Our understanding of territory is undergoing rapid and fundemantal changes: within the scope of pragmatic experience both space and community are rapidly becoming non-local. At the level of advanced theories concerning the nature of space and time, we already live in an astonishingly different place than any other culture on earth has imagined. In either case, what Virilio calls the 'big optics' of media communications at the speed of light result in a collapse of the horizon, divider of earth and heaven, or, to be more literal, demarcator of the borderline between the concrete and the abstract.

Another horizon, this one less evident, has fallen: in the creation of a navigable electronic non-place that nonetheless can be experienced as a fully dimensional space, we have breeched a new frontier with a new instrument: we have opened our inner worlds to ourselves and to each other through architecture as interface to the imagination. We have invented the esoscope.

As our horizons shatter, new spaces open within their fractured razor's edges: the places of neither here not there, or both, or other than both: the hybrid territories. Into these territories we will now bring all our social instincts, animal and human, for better or worse.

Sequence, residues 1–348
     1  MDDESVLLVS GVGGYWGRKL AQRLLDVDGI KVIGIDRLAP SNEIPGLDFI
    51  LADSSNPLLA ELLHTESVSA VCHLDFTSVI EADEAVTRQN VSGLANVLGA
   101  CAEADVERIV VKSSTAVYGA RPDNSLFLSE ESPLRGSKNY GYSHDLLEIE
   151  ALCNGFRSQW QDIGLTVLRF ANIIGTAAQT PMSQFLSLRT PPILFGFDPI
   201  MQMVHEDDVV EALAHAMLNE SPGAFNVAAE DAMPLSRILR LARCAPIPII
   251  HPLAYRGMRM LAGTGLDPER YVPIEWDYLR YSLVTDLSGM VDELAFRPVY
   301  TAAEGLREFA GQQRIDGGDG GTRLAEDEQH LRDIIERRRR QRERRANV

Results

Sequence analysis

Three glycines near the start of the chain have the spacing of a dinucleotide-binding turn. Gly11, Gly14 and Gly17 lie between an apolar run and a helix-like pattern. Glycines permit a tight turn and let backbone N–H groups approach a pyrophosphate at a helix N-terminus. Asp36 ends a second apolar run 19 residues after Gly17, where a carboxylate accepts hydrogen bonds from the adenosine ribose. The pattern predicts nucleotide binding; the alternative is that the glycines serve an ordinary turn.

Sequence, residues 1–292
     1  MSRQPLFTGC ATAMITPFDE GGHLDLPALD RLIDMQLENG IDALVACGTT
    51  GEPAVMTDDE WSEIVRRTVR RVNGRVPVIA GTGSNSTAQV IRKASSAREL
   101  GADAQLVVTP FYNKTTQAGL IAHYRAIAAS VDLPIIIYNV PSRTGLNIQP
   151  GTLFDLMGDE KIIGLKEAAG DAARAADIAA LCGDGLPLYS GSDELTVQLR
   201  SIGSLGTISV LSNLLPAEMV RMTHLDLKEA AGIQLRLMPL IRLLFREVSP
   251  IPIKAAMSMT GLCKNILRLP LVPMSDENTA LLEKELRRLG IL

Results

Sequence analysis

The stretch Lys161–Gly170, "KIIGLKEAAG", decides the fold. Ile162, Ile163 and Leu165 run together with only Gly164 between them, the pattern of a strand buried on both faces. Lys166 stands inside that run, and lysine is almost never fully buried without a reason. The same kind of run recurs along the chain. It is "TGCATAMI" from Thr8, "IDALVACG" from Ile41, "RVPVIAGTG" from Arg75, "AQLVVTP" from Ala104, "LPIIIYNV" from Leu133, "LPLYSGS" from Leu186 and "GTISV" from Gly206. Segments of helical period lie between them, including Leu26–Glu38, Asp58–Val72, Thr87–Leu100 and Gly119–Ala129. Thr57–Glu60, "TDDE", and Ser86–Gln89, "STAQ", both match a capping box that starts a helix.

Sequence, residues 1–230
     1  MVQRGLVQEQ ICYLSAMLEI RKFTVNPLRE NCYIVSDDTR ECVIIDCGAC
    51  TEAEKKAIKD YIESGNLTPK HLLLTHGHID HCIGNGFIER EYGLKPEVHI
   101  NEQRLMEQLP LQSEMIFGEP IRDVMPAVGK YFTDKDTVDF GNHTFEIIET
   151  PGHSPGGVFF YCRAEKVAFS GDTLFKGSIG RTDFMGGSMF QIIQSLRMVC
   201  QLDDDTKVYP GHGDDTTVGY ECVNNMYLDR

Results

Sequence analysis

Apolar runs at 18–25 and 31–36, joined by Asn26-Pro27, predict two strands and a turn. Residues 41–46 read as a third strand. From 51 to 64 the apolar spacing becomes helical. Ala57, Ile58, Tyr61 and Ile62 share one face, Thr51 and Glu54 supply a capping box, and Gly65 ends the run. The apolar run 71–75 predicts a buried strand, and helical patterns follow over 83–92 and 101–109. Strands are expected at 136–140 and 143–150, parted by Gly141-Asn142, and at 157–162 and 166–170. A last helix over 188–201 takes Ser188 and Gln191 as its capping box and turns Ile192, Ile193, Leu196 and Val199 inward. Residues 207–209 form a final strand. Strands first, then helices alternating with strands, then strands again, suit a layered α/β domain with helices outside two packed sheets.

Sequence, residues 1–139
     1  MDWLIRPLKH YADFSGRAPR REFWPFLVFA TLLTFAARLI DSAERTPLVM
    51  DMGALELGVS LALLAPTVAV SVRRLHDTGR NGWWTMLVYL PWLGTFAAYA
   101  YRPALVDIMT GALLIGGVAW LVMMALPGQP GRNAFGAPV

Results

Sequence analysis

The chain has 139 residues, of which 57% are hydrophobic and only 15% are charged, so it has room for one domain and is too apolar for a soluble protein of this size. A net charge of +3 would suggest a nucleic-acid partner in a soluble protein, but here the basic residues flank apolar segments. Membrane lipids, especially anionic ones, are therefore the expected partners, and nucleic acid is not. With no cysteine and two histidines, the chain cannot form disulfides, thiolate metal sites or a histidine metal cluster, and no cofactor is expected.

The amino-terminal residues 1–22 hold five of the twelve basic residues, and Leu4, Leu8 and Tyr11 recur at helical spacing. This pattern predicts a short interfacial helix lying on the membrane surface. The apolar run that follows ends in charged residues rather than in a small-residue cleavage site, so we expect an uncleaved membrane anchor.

Hybrid territory and hybrid territoriality: hybrid terror to reality, territoReality.

Extreme Intermedia
Under the condition on the pantopicon, and the changes brought forth by technology, a series of unprecedented new opportunities arise. Combining a known medium with its opposite in ways that do not compromise either, but that heightens both, we arrive from the familiar medium to the extreme intermedium, into realities of supreme challenge to our existing conventions.

Extreme Intermedium One =3D Liquid Architecture
First step: "What is liquid architecture? A liquid architecture is an architecture whose form is contingent on the interests of the beholder; it is an architecture that opens to welcome you and closes to defend you; it is an ar chitecture without doors and hallways, where the next room is always where it needs to be and what it needs to be. It is an architecture that dances or pulsates, becomes tranquil or agitated. Liquid architecture makes liquid cities, cities that change at the shift of a value, where visitors with different backgrounds see different landmarks, where neighborhoods vary with ideas held in common, and evolve as the ideas mature or dissolve."1